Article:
Consultant, Holman Fenwick Willan, London

Parents, teachers and grades to get on to the Law and German course at Trinity College, Dublin nudged me gently towards law. I certainly did not envisage that I would make my career as an insurance lawyer in the City. I watched too many episodes of Inspector Morse and had no idea what a career in law really entailed. I trained here in London rather than Dublin simply because trainee salaries were higher.

The two years I spent training at DJ Freeman (as it then was) were, without doubt, the best introduction to life in the City I could have hoped for. The advantage of training in a mid-sized City firm is that you are expected to deal with clients and assume responsibility for your own matters from day one, and I was privileged to work with some brilliant lawyers.

Transferring from private practice to ‘regulator’ (as senior legal adviser at the Financial Services Authority) and back again has been something of a rollercoaster. I find it much easier these days to swap hats, but the roles demand very different skill sets. The understanding of the views either side of the fence has, without doubt, been invaluable in the development of my practice today. My time at the FSA required me to delve into technical areas of the law to a degree not encountered in private practice.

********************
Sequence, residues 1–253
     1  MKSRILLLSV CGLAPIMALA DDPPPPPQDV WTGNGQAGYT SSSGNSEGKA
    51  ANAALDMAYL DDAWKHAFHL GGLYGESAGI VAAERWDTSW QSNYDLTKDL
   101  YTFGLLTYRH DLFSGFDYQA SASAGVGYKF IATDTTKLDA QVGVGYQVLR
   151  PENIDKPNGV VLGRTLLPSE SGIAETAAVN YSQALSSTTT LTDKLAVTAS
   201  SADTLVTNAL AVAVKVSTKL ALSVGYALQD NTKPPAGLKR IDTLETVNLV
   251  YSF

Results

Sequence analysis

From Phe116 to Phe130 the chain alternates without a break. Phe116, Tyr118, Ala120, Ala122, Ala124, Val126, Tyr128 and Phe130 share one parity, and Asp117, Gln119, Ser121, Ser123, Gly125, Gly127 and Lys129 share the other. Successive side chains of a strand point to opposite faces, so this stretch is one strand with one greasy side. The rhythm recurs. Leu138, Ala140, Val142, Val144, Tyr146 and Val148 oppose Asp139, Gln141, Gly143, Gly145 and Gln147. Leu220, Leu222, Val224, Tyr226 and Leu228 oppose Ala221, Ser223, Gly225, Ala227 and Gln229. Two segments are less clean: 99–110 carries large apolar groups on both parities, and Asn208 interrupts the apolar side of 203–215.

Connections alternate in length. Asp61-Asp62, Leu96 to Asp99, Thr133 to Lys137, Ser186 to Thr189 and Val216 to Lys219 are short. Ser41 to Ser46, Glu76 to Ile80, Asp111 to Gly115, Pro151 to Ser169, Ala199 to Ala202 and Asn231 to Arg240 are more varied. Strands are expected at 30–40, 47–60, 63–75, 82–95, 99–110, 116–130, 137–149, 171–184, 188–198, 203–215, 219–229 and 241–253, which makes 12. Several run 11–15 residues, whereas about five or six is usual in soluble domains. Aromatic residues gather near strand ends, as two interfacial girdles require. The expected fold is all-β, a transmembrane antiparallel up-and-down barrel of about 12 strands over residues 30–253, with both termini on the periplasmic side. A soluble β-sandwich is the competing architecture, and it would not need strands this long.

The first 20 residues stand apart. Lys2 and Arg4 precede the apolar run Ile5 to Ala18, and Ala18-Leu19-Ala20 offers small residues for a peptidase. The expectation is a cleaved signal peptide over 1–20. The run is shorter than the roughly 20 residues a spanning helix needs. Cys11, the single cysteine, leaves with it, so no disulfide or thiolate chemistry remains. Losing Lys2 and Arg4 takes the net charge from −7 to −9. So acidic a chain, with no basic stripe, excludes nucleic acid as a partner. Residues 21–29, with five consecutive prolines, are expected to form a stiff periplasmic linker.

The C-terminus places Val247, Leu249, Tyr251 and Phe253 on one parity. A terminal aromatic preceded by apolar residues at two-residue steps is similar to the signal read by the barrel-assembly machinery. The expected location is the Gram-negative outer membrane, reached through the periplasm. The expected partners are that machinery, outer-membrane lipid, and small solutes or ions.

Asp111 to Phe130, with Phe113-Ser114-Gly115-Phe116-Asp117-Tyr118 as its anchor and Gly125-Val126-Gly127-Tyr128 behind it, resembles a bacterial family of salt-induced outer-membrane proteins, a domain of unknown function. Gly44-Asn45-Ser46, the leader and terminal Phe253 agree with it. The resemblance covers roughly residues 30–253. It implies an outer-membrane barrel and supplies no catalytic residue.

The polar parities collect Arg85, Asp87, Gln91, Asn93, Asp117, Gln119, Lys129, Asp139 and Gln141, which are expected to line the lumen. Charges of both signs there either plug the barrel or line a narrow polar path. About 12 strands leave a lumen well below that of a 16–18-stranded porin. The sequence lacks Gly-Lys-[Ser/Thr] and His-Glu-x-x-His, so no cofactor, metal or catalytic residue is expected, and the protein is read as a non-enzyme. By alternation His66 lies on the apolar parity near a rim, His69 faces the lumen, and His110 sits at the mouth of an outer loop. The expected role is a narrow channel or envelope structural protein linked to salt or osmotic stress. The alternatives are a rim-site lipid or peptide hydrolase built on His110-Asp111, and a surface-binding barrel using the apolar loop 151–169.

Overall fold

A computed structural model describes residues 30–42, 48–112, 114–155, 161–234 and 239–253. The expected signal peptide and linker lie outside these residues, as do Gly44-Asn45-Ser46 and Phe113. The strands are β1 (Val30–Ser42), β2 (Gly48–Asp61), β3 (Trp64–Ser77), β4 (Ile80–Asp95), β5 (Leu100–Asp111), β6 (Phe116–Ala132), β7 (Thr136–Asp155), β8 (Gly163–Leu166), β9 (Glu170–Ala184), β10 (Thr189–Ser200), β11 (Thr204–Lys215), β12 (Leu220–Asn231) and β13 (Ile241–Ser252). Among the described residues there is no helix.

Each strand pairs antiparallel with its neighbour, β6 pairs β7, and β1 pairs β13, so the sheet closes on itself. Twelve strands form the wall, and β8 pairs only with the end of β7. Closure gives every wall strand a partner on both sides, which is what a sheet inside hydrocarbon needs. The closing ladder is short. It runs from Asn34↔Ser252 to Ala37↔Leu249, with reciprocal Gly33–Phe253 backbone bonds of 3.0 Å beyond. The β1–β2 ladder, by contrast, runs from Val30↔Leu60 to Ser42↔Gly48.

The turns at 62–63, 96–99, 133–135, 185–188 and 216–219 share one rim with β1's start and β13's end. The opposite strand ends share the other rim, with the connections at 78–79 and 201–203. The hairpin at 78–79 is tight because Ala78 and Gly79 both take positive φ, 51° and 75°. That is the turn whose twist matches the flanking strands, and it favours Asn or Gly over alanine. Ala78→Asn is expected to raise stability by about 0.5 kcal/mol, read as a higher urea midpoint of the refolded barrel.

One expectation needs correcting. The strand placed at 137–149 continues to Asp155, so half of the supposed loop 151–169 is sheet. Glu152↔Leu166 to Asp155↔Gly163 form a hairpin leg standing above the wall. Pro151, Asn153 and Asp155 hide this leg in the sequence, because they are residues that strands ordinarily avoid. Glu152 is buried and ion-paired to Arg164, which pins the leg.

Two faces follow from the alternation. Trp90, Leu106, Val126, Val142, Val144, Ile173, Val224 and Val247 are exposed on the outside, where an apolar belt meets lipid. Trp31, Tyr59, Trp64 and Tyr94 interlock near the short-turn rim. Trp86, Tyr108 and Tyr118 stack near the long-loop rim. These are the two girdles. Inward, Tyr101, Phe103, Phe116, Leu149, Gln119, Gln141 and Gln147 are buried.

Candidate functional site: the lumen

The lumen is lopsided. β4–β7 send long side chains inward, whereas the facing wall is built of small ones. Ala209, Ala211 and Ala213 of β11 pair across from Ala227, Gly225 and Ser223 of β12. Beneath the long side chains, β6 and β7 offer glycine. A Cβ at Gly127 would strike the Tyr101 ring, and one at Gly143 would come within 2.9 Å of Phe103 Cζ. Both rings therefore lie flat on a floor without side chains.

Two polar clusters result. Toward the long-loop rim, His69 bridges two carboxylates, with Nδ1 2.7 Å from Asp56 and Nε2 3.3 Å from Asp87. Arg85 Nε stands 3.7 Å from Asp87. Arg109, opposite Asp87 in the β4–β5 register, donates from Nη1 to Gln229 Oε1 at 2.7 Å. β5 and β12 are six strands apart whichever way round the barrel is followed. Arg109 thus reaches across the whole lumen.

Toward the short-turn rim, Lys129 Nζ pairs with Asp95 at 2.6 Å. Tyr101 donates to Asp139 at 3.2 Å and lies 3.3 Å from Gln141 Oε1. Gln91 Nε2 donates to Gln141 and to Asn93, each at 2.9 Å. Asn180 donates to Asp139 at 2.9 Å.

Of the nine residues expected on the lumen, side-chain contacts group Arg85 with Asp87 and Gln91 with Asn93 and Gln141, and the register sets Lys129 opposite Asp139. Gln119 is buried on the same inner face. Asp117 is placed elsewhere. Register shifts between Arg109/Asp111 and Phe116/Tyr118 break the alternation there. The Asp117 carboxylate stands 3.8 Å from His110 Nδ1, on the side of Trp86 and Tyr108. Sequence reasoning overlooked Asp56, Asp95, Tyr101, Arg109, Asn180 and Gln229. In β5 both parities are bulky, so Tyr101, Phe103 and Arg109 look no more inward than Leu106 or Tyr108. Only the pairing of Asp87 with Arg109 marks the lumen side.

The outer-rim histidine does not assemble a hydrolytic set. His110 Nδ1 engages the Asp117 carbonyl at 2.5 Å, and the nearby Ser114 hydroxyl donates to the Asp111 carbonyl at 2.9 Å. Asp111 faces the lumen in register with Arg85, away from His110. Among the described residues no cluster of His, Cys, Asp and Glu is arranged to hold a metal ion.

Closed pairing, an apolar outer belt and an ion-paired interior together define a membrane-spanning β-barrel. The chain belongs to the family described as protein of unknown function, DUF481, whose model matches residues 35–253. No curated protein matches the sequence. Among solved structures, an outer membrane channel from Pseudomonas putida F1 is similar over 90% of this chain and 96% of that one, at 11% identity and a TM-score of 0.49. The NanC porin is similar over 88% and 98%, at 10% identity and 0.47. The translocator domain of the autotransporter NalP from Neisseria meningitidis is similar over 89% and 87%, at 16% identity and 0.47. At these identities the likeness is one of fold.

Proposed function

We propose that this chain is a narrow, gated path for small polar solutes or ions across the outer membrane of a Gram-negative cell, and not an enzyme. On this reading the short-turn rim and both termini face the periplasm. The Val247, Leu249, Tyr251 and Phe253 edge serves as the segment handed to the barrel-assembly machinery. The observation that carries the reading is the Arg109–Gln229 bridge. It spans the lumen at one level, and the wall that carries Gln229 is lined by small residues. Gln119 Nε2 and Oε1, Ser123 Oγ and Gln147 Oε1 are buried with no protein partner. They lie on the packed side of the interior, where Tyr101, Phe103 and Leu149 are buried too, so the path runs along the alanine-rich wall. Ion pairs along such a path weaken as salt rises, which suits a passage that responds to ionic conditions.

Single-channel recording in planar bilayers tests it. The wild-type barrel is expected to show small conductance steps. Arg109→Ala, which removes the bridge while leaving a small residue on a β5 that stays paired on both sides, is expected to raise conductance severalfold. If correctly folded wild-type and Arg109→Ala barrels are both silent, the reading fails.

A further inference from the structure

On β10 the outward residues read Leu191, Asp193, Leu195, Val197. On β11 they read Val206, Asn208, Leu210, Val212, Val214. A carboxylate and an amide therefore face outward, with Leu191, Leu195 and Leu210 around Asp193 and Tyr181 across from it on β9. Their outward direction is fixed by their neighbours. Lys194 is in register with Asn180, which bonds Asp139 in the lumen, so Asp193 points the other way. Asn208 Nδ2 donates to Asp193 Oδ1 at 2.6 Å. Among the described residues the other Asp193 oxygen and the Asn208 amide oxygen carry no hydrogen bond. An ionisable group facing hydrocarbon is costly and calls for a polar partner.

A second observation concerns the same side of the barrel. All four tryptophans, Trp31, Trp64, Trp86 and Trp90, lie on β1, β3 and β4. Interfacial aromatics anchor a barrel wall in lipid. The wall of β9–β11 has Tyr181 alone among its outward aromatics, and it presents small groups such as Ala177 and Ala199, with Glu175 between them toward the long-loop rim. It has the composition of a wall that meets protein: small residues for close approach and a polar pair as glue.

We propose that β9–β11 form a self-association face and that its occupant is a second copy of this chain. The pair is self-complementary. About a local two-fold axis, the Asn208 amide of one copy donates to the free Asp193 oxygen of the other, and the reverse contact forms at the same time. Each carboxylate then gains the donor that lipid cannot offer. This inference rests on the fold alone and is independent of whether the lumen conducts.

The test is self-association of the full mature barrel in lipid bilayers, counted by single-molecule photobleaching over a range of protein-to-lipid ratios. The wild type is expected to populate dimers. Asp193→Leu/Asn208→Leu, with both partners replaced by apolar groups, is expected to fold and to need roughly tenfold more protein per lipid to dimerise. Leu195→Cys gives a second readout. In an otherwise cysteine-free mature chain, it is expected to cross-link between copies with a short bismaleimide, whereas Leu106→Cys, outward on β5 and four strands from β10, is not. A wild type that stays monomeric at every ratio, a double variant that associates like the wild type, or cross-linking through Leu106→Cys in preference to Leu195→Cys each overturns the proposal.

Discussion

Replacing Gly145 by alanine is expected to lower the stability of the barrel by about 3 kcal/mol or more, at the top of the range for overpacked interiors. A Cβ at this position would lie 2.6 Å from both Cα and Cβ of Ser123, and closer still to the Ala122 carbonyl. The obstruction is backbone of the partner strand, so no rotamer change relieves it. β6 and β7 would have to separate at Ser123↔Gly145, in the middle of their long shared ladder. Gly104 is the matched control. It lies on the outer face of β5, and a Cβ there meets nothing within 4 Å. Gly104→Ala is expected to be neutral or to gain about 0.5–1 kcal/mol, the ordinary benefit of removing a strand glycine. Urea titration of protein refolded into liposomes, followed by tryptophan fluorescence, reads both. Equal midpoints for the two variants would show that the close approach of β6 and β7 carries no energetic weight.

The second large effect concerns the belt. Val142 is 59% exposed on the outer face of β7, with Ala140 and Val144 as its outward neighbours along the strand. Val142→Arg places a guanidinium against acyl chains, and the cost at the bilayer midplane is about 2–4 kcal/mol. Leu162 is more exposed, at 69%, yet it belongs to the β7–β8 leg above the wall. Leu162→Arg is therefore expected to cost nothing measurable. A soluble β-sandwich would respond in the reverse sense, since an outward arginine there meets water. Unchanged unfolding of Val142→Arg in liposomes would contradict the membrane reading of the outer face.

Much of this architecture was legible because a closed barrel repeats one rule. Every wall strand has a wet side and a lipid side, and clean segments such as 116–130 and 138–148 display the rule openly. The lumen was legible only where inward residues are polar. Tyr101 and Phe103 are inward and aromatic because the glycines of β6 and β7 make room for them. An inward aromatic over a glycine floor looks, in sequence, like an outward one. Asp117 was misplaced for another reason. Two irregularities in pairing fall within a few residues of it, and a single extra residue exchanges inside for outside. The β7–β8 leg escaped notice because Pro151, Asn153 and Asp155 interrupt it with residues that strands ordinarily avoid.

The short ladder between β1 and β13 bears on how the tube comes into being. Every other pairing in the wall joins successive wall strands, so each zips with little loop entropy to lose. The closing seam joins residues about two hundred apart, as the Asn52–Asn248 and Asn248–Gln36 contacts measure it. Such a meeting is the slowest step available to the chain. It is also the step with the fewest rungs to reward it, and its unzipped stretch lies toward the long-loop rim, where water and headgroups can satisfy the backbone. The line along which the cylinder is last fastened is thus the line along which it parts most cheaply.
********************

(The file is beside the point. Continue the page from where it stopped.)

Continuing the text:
The days of a seven-year linear path to partnership have gone – but a flexible approach to your career is, in my experience, a good thing: the transfer of legal skills across practice areas and industries is both acceptable and desired. The London firms, in particular, continue to face a number of challenges in the years ahead, not least talent retention. To survive and flourish, firms will need to anticipate and embrace change.

There may not be too many lawyers but there are certainly too many law students. I think it is a sad state of affairs to have more and more students paying thousands of pounds to complete their postgraduate qualifications in a world where the number of training contracts is reducing every year. It’s a great career but it no longer carries with it the security it once did.

I advise students to get as much work experience as possible before making the commitment, not least because acquiring the requisite academic qualifications is a significant financial outlay. Life is far removed from TV shows like Ally McBeal or The Good Wife – in reality, the job demands many long nights, cancelled dates and sacrifices along the way, and I’d say the pressure firms place on individual lawyers is increasing.